Published: Thu, February 21, 2019
World Media | By Shelia Harmon

Teenager who joined ISIL group in Syria to lose United Kingdom citizenship

Teenager who joined ISIL group in Syria to lose United Kingdom citizenship

Ms Begum, who gave birth to a son at the weekend, was 15 when she fled Bethnal Green in east London with two other schoolgirls in 2015 to travel to Syria.

Attorney Tasnime Akunjee tweeted Tuesday that the family is "very disappointed with the Home Office's intention to have an order made depriving Shamima of her citizenship".

Britain's decision to revoke the citizenship of Shamima Begum on Tuesday has received both support and condemnation and is now expected to be contested in a legal challenge.

In 2015, then-15-year-old Shamima Begum married a Daesh* militant in Syria after running away from the United Kingdom with her friends Amira Abase and Kadiza Sultana. "So they'd only have proof I didn't anything that is risky", she said.

Amal De Chickera, the co-director of the Institute on Statelessness and Inclusion, said the baby's citizenship "was also under a cloud", saying this was "an additional concern".

A guest appearing on Good Morning Britain suggested on Wednesday (February 20) that ISIS bride Shamima Begum's family were let down by British police.

"Those born as British citizens who are not dual nationals can not be stripped of their citizenship in any circumstances", David Anderson QC told the UK's Press Association.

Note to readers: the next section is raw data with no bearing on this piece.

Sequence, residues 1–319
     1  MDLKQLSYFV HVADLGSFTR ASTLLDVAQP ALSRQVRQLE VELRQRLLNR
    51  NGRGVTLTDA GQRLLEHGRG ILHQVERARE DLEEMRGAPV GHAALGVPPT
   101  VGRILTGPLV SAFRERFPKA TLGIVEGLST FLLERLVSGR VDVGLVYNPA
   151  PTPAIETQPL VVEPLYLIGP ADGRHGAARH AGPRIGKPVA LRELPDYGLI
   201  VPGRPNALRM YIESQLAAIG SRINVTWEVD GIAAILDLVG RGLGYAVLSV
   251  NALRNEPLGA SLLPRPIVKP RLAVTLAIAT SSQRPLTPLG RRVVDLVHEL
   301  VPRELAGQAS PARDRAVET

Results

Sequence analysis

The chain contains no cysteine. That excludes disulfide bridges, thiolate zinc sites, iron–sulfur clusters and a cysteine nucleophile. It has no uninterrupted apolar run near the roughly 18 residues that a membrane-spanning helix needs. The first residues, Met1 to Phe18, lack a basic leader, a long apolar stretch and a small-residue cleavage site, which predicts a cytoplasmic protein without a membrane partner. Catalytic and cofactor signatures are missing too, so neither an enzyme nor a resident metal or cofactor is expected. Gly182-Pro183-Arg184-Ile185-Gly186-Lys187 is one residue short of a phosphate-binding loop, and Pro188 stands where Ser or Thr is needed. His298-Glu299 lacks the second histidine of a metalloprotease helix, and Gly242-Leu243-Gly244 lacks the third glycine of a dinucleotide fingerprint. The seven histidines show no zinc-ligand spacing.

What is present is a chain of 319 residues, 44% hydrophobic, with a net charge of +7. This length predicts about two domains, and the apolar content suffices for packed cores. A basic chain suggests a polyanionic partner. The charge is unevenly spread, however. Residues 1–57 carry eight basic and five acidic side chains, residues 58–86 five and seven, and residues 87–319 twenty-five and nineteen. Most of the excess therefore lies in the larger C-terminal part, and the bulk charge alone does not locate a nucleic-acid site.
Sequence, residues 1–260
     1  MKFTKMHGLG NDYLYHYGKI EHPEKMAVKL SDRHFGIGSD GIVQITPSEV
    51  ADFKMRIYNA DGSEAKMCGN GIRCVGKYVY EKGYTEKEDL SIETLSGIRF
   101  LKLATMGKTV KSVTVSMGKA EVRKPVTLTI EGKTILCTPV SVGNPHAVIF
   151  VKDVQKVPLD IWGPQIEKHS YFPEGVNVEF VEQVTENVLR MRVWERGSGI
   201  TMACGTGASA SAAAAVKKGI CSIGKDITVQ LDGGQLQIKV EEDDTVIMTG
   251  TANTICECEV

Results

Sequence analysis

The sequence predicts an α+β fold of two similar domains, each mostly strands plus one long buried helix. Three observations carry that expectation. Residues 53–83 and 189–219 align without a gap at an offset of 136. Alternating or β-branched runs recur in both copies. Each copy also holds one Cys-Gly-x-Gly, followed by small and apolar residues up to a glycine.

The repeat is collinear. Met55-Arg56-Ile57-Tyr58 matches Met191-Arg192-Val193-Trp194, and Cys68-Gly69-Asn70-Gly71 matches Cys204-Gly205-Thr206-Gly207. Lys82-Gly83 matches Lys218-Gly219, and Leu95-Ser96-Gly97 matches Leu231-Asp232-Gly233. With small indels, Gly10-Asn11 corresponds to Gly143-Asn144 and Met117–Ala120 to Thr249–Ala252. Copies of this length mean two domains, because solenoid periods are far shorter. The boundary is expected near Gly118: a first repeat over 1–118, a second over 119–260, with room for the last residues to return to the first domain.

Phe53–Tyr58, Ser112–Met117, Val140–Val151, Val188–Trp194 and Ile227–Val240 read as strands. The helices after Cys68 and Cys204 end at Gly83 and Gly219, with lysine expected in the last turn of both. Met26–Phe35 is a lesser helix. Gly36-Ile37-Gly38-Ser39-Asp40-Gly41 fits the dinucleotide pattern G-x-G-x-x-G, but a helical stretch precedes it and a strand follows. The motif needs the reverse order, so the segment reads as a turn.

"I knew about those things and I was OK with it at first", she said.

Begum said she had been only a "housewife" during her time with IS militants.

A human rights lawyer has slammed a decision taken by the Home Office to strip Shamima Begum of her British citizenship, claiming it is the UK's responsibility to keep her baby safe.

Begum was the subject of an global search when, as a 15-year-old, she and two other teenage girls ran away from their homes in London and made their way through Turkey into Syria.

Speaking with ITV News on Monday, Begum said she does "feel bad" for those affected by Islamic State's action.

'People who went to the Manchester Arena, they went there to take their kids to a concert.

She asked The Times: "What do you think will happen to my child?"

In a statement, the Home Office defended the decision made by Home Secretary Sajid Javid.

"If the government is proposing to make Shamima Begum stateless it is not just a breach of worldwide human rights law but is a failure to meet our security obligations to the global community", Diane Abbott, Labour spokeswoman on home issues.

The desire to revoke Shamima Begum's citizenship is understandable, but the Home Secretary has made a serious error of judgement, which reflects this Government's unsafe attitude to the menace of Isil.

During the interview she said she was aware of ISIS beheadings and other brutality before she left to join the group, and was "OK" with it.

Javid said before the order was made public that he wouldn't hesitate to block the return of Begum-or other ISIS supporters-adding that those who do manage to make their way back to Britain should be prepared to be "investigated and potentially prosecuted".

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